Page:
Non-rev. Standby. Oversold. Wide-open. 3 am wake up call. I heard all of these phrases frequently as a child. They were always paired with feelings of anxiety as I hurried my little legs along to keep up with my father’s quick, lengthy gait in the airport. My father has been a pilot for as long as I have been alive. He piloted the F-18 fighter jet in the Navy until he retired and began to fly commercially. My father’s nature exemplifies the stereotypical calm, confident pilot that does not waver under pressure. This is something I have always admired in my father and have tried to emulate from an early age. Hence, my awkward run-walk I adopted trying to keep up with my father in the airport. I always hoped no one else noticed, but in reality, I am sure I resembled a baby gazelle learning to run.
Growing up, I remember the pride I felt during conversations with other children discussing our parents’ careers. This pride did not fade as I grew older. Each time I wanted to regale some incredible story after making it on an oversold flight just hours before I was supposed to be taking an exam in a classroom across the country, I found that I couldn’t find the words (or attention spans in friends) to fully explain how crazy non-rev life is. This only made the experience of non-revving even more fun and mysterious to me. As I grew older, I became aware of the intricate nuances to flying standby. In every airport, there is an invisible community of airline family and etiquette that the typical passenger will never see. This airline “family” has had a significant impact on my life and how I aspire to serve others.
Two years ago, I was sleeping peacefully on my way to Brussels as my father sat in the right seat of the cockpit. I immediately realized something was wrong when he woke me and I noticed the plane was not moving. We had diverted to Manchester and would likely be stuck there overnight because the plane did not have an essential part for landing in icy conditions. A seasoned flight attendant and a ground service representative from Manchester were standing next to my father as I tried to shake the sleep from my brain. They started firing travel options at me. I must have looked wholeheartedly confused (picture my baby gazelle brain trying to make sense of all of this.) The flight attendant reached down, patted my arm and chuckled, “I’ll go get a pen and paper to write this down for you, honey.” I exited the plane and instead of going to the hotel the rest of the passengers were being ushered to, I left the airport and made my way to London. Alone, without an international cellular data plan, or any semblance of an itinerary, I embarked on my first solo trip abroad. I boarded a train to London and looked down at the bottom of the paper scribbled with shorthand directions from the flight attendant. Written next to a smiley face near the bottom she had written, “Take a deep breath and go!” Over the next week, I kept that phrase in the back of my mind as I explored London solo. Needless to say, I took many deep breaths that trip! That flight attendant’s kindness totally shaped my confidence during that week, and as a result, I have become a more confident traveler.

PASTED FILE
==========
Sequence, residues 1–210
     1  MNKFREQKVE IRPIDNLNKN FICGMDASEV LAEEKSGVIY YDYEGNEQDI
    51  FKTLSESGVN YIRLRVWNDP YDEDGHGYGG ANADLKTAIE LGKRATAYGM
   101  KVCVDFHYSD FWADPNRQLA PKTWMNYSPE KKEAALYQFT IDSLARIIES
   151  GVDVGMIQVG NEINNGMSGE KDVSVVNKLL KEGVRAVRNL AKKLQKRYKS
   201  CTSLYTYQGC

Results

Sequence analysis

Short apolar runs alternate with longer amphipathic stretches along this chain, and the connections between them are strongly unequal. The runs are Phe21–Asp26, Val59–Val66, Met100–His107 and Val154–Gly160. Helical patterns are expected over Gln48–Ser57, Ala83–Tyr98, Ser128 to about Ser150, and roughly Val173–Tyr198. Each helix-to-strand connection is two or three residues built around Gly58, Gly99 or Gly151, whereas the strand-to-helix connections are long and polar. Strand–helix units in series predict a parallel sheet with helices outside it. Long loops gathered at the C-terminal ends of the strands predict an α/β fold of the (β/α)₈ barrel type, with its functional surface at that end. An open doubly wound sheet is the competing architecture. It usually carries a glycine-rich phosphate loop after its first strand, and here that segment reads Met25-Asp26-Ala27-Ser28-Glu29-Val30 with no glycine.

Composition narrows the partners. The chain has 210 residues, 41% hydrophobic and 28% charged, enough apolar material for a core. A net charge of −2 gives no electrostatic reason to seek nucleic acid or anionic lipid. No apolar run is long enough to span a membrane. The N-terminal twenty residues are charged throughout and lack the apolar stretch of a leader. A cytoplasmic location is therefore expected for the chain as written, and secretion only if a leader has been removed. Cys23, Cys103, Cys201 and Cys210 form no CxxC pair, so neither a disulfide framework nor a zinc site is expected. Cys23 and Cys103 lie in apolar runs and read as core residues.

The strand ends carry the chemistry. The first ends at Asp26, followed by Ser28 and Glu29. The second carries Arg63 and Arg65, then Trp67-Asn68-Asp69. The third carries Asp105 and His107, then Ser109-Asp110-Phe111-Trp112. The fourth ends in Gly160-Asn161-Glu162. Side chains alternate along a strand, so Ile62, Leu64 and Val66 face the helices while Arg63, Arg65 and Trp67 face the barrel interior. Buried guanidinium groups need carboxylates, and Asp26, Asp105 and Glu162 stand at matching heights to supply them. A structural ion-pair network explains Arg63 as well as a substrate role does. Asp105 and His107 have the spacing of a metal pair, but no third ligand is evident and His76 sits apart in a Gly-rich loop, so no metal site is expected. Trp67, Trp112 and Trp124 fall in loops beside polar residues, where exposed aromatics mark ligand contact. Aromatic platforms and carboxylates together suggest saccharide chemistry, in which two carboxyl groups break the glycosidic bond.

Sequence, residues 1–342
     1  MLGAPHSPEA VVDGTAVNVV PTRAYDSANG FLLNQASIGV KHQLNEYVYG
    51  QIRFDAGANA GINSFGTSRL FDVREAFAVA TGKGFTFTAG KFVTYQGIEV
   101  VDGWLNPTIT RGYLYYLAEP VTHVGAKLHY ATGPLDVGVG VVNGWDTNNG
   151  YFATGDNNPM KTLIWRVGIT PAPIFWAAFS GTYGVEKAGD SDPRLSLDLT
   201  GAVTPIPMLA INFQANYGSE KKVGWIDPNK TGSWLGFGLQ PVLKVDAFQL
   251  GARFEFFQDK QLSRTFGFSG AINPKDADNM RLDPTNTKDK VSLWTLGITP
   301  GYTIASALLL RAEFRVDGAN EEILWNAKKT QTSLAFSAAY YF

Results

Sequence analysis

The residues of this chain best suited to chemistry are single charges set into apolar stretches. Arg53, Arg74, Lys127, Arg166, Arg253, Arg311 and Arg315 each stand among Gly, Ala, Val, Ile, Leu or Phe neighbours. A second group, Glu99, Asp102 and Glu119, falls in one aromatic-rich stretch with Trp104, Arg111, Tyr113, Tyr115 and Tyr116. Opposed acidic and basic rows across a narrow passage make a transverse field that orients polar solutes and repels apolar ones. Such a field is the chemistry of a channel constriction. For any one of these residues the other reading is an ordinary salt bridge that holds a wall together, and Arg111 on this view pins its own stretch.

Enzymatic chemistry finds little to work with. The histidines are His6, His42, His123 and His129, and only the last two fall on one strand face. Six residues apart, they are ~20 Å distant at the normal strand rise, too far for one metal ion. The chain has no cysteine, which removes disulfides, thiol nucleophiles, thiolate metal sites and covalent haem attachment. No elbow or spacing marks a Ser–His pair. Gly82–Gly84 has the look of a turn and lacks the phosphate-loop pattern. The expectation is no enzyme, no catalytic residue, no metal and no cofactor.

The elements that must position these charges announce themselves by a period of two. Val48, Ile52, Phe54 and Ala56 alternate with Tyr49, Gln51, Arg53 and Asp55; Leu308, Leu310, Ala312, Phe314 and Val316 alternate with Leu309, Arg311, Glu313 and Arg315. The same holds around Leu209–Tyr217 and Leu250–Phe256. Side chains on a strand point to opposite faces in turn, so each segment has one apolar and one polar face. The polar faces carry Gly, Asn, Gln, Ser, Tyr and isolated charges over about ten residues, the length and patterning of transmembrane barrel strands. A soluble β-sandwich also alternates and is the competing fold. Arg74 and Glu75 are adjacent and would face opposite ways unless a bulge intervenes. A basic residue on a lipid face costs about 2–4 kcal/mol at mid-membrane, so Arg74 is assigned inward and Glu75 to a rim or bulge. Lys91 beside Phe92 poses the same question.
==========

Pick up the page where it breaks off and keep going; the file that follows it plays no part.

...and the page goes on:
As I enter nursing school, I will try to emulate both my father and that flight attendant. By remaining calm in the face of stressful situations, I hope to be a steady, dependable figure in my patient’s most vulnerable moments. To do so, I will continuously remind myself to “Take a deep breath and go!” Even if it is with an awkward baby gazelle gait!
Lucy is no shy traveler! Growing up the daughter of a United (and Navy – btw, thank you for your service) pilot, she’s been able to experience a lot – from exploring foreign cities on her own to telling friends about the confusing, but awesome, life that is the #NonRevLife.
You can find her studying Nursing at Northeastern University in Boston, Massachusettes, or embarking on yet another impromptu adventure. What an awesome story you shared, Lucy! We can’t wait to see what new experiences your degree brings!
Want to read the other winners’ essays? Check them out on our blog!
Author: Emily (@ID90 Travel)
Emily is the Content Marketing Manager here at ID90 Travel. An avid non-rev flyer (she grew up in the industry), and passionate private pilot, Emily can’t get enough of all things aviation. When not writing awesome ID90 Travel content she can be found on a Texas patio, being one with nature, or annoying her ID90T co-workers with her many, many, crowdsourcing questions.